Eco toilets in remote Togo

5149 views

  • Dekamile
  • Dekamile's Avatar
    Topic Author
  • Posts: 2
  • Likes received: 0

Eco toilets in remote Togo

Hi, I am involved in a project in a small remote village in Togo and we are now planning to install a toilet in each of the 185 houses. The issue is which type of eco toilet to install. Whilst doing the research I am asking for any advice you might have. The criteria we have includes we have no running water. We are promoting the idea of eco san toilets but the locals have a taboo re handling or using human faeces :)
You need to login to reply
  • ErikTN
  • ErikTN's Avatar
  • Low-cost sanitation, design and implementation, 20 years in Africa
  • Posts: 3
  • Karma: 1
  • Likes received: 2

Re: Eco toilets in remote Togo

Hi Dekamile

When there is a taboo for handling human faeces the only type of ecosan you may promote is the ARBORLOO (plant a tree latrine). Here there is no handling, and you get the benefits from reusing the nutrients for growing a tree in the pit.

One disadvantage is that you need to make a new small pit every 6-12 months, and shift the slab and superstructure.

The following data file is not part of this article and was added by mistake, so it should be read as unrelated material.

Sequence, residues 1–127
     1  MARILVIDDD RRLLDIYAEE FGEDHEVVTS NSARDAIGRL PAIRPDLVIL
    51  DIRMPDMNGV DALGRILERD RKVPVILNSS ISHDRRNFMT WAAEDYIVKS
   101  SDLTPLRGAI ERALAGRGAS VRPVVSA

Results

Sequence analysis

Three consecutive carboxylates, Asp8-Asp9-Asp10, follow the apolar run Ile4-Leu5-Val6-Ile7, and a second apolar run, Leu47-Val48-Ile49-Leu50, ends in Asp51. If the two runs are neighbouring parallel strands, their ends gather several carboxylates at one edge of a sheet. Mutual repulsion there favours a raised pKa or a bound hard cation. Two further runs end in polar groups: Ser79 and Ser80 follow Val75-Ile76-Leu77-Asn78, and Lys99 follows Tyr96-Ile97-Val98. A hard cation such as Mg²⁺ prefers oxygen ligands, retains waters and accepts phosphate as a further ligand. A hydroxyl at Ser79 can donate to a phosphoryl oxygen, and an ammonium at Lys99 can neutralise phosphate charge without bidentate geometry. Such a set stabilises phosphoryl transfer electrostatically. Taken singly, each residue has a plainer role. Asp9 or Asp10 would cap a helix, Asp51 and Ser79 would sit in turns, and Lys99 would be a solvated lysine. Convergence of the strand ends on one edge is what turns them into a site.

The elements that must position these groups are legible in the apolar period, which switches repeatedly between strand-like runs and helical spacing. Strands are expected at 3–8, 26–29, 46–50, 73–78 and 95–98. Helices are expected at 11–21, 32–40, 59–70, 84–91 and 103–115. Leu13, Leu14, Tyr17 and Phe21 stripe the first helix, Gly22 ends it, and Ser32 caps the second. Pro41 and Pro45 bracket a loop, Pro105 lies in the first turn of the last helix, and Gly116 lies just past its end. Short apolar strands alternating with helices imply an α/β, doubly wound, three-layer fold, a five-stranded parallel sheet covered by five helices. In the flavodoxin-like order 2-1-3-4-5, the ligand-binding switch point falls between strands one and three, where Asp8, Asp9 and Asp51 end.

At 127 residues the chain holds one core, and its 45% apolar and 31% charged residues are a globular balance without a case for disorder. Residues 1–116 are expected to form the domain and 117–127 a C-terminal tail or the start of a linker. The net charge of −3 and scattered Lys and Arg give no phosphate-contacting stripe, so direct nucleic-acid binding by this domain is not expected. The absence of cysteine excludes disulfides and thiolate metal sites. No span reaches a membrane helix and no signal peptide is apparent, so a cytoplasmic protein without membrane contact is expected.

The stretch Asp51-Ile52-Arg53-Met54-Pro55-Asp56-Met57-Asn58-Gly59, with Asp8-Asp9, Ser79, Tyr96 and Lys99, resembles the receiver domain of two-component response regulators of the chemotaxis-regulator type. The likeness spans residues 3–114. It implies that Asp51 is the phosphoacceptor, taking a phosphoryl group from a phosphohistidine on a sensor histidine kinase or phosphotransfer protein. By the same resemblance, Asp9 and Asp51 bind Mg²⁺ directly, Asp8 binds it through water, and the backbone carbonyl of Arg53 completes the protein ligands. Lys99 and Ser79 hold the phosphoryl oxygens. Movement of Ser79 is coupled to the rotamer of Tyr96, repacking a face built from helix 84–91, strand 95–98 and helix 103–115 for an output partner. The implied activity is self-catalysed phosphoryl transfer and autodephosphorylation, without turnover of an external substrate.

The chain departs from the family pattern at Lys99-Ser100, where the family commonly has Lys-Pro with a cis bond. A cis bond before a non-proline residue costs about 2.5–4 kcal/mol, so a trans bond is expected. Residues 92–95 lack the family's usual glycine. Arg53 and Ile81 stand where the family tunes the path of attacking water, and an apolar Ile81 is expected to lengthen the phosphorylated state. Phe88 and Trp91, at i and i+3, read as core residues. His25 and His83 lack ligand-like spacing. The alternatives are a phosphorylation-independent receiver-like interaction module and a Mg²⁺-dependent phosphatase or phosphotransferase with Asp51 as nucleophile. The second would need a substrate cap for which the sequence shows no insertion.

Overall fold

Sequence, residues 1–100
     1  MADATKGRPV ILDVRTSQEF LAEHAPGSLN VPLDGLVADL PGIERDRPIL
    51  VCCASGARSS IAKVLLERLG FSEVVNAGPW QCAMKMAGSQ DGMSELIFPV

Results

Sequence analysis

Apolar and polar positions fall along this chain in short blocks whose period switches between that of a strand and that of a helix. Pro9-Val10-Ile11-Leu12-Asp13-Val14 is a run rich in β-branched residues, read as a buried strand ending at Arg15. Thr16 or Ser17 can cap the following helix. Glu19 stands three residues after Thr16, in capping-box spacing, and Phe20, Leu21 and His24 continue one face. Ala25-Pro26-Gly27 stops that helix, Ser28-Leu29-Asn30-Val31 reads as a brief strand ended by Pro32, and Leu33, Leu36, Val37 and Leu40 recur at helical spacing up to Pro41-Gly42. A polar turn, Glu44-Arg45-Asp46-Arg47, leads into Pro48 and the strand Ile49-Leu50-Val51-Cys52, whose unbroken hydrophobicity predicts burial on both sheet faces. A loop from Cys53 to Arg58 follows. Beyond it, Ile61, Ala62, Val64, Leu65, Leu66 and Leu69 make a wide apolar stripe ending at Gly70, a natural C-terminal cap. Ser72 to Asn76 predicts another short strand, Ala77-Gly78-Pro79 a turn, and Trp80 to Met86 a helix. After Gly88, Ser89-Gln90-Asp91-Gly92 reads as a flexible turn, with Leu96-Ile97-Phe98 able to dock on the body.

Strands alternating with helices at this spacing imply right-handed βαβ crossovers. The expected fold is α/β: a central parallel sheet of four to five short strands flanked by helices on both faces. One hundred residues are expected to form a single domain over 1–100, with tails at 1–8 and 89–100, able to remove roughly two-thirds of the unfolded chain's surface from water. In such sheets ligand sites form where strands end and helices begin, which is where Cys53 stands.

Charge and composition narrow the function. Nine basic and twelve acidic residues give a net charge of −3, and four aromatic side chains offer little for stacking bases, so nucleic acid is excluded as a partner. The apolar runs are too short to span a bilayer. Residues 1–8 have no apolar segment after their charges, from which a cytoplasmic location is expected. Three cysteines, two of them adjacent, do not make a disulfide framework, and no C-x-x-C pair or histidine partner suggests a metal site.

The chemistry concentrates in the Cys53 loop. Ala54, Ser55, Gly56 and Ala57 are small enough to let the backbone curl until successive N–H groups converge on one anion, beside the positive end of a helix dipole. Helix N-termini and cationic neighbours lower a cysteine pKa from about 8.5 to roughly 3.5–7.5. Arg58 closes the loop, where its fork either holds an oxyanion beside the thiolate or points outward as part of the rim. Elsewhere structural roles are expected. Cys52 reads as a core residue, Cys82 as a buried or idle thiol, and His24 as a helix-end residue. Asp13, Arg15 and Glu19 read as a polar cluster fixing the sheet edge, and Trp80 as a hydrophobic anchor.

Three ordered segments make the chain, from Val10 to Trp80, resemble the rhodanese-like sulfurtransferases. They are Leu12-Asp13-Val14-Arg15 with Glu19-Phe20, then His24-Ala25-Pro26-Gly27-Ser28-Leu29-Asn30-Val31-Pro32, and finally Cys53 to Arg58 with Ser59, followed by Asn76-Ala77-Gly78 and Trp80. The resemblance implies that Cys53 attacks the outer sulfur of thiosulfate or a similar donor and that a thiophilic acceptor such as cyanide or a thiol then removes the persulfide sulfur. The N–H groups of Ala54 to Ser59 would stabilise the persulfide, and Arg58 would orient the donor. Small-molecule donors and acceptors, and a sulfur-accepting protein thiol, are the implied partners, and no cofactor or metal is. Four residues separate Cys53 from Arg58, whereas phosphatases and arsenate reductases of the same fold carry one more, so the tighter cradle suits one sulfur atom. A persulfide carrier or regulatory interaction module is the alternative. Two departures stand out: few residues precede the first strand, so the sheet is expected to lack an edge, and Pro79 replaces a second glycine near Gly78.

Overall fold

Peter Morgan in Zimbabwe has very nice low-cost designs. My favourite model is the one with a ring (bricks or concrete) with a smaller slab on top. It can be made with VIP function, but that will require careful construction of the superstructure to function. Check out the models with a seat.

Google ArborLoo, and you get e.g.
aquamor.tripod.com/ArborLoo1.HTM
Peter Morgan. 1998. Introduction. Compost latrines, which are now being promoted on a small scale in Zimbabwe, have the primary aim of disposing and ...

Go to the homepage aquamor.tripod.com to get access to more reports/design manuals or
Search in the achive of Susana.org

I attach some photos from my work in Guatemala, Zambia, Angola, Tanzania and Mozambique which show feasible options that may work in Togo. The important thing is to use "Informed Choice", i.e. giving people the proper information on cost, O&M for several sanitation options for the future users to make an inteligent choice of what is desirable and affordable for them. The small slabs must be supported by a wooden platform, i.e. they are designed for upgrading traditional latrines with a washable slab. The 40x60 cm slab is the lowest cost option for a slab (1-2 USD in material costs) - If you make it smaller there will only be the hole left :lol:

Regards, Erik

This message has an attachment file.
Please log in or register to see it.

The following user(s) like this post: canaday, Simonewing
You need to login to reply
  • ErikTN
  • ErikTN's Avatar
  • Low-cost sanitation, design and implementation, 20 years in Africa
  • Posts: 3
  • Karma: 1
  • Likes received: 2

Re: Eco toilets in remote Togo

Hi Dekamile

To make the squathole with a tight fitting lit can substitute the VIP model. Check also www.sanplat.com for models. With only 185 households it is however a bit expensive to import special sanitation tools from Sweden.